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2 Answers

up vote 2 down vote accepted

I assume you are on Linux/GCC, because on Windows it should "just work".

It does not "just work" with GCC, because for performance RTTI support in GCC relies on pointer comparison. It is all explained in this GCC FAQ, including how it can be resolved. EDIT: though, this FAQ says that it does not work with dlopen() while explicit linking with a shared library should work; so maybe there is something else, such as the bug mentioned below.

Some other links I found that can be of help:
dynamic_cast an interface from a shared library which was loaded by lt_dlopen(libtool) doesn't work
dynamic cast with interfaces
C++ dynamic_cast bug in Mac OS 10.6 Snow Leopard

share|improve this answer
    
I am using gcc under mac, I have not yet tried Linux/gcc. I'll take at look at your link. –  YuppieNetworking May 24 '11 at 15:11
    
I tried last night with Linux/GCC 4.4.5 and 4.5.2 and it worked out of the box. On a Mac OSX / GCC 4.2.1 it didn't. To solve it on the Mac, I followed your link and used the -mmacosx-version-min=10.4 option. Strangely, the -Wl,-no_compact_linkedit flag did not work for me, but I believe this is maybe caused by how CMake handles its compiler/linker flags. I am still looking for an old linux machine with gcc 4.2.1 in order to test as well. Thanks for your help –  YuppieNetworking May 25 '11 at 9:37
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There is no surprise here. Even for normal non-templated classes, you should never expect the RTTI to work across shared-library boundaries. For some compilers, on some OSes, with some compiler or linker options, it might work, but in general, it will not, and is not required to (explicitly left unspecified in the Standard). And even if you make it work, it will be unsustainable in the long-run.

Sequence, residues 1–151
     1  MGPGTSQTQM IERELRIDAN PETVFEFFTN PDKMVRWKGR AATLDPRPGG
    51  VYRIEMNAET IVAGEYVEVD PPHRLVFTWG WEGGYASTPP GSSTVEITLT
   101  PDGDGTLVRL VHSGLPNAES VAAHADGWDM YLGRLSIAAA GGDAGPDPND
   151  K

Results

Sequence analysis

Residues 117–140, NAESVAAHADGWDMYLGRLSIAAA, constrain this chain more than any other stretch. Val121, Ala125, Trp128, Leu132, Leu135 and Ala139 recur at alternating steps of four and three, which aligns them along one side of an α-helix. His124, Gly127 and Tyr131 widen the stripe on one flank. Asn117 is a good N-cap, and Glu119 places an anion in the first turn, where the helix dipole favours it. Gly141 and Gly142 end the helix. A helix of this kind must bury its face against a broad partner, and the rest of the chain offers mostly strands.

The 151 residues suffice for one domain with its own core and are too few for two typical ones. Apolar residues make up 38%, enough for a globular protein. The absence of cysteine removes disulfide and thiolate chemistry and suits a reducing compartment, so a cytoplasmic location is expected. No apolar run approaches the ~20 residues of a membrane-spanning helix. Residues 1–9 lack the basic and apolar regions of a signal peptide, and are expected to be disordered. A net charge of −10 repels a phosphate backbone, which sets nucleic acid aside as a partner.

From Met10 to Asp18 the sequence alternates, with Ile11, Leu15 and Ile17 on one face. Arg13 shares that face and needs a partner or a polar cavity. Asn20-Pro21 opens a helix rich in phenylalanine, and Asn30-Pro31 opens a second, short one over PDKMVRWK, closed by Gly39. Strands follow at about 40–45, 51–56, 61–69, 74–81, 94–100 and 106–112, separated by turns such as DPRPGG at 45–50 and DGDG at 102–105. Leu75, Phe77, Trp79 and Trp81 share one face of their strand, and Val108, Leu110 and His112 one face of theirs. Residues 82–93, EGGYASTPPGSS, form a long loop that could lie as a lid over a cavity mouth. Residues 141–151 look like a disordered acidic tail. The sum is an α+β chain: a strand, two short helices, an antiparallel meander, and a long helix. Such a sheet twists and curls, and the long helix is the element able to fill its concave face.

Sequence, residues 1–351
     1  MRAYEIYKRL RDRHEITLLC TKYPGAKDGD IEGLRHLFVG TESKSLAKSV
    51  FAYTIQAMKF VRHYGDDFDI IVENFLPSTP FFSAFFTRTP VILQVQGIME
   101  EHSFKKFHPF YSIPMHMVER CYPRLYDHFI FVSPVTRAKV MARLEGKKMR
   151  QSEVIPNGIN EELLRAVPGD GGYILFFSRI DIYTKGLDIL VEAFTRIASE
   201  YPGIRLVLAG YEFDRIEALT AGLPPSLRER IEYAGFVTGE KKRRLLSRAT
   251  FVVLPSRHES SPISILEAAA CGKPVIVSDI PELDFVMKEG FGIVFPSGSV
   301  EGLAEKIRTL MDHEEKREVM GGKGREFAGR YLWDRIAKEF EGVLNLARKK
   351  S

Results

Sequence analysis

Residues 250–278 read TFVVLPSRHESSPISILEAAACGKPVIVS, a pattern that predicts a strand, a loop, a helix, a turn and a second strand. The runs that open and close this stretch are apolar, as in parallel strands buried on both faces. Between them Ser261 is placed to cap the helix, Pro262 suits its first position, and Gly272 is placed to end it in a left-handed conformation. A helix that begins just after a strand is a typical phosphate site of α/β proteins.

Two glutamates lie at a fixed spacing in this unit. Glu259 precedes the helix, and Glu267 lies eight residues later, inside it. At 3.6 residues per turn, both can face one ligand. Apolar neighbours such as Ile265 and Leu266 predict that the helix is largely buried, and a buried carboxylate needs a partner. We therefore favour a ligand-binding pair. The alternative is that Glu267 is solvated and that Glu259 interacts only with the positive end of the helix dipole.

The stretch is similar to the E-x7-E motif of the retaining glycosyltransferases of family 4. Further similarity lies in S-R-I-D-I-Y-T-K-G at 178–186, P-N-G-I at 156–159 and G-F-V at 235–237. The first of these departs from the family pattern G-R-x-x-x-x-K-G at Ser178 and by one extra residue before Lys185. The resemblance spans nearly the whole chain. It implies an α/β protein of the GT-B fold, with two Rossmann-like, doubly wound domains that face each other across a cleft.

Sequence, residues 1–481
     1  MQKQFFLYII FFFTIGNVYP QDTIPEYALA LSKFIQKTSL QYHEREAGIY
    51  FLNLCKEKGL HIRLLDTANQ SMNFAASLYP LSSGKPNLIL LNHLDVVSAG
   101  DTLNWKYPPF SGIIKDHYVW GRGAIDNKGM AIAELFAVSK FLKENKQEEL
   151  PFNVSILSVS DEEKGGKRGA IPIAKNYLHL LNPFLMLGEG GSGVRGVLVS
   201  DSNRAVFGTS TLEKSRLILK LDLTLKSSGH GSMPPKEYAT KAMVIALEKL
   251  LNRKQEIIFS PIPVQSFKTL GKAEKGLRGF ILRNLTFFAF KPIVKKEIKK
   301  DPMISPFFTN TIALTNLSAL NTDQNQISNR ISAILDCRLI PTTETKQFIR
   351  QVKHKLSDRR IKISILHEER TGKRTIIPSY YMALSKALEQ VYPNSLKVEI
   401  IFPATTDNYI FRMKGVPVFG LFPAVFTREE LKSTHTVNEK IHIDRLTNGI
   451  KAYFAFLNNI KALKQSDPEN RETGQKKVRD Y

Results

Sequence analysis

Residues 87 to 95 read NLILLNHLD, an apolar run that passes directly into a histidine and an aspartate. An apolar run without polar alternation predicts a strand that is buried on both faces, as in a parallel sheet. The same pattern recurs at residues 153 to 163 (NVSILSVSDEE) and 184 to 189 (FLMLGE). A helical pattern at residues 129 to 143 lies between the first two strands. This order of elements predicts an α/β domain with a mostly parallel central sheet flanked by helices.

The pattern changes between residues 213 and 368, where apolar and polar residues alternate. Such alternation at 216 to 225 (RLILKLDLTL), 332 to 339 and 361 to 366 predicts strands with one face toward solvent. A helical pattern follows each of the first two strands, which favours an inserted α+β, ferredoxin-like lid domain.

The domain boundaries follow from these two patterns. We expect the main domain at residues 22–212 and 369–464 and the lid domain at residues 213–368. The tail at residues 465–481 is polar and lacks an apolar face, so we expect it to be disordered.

In my experience, the cases when the RTTI cannot cross-over between shared-library boundaries far outweigh the cases when it can.

The solution is to either:

  • Restrict all the constructions of objects from these derived types to within the shared-library code where the dynamic_cast is used (this solution is pretty hard to manage).

  • Do not use dynamic_cast at all (this solution is idealistic, seldom applicable).

  • Do not use shared-libraries (evaluate if shared-libraries are really what you need, or maybe, expose a higher-level interface from your shared-library, that doesn't expose polymorphic types to be derived (which seem to suggest that an "open-architecture" is more appropriate in your application)).

  • Define your own RTTI system and casting operator (this could be hard, depending on your skill, but it doesn't amount to much code, and many main-stream projects use this solution and you can find plenty of examples on how to do this).

share|improve this answer
    
Could you cite some examples of main-stream projects that define their own RTTI system? –  YuppieNetworking May 25 '11 at 9:10
1  
LLVM, Boost.Serialization, most GUI tools like Qt and VCL/CLX, DynObj and my own projects (that's not main-stream). –  Mikael Persson May 25 '11 at 16:30
    
Thank you Mikael. I am seriously considering that last option... I'll have to check with my pillow for some nights first. –  YuppieNetworking May 26 '11 at 16:20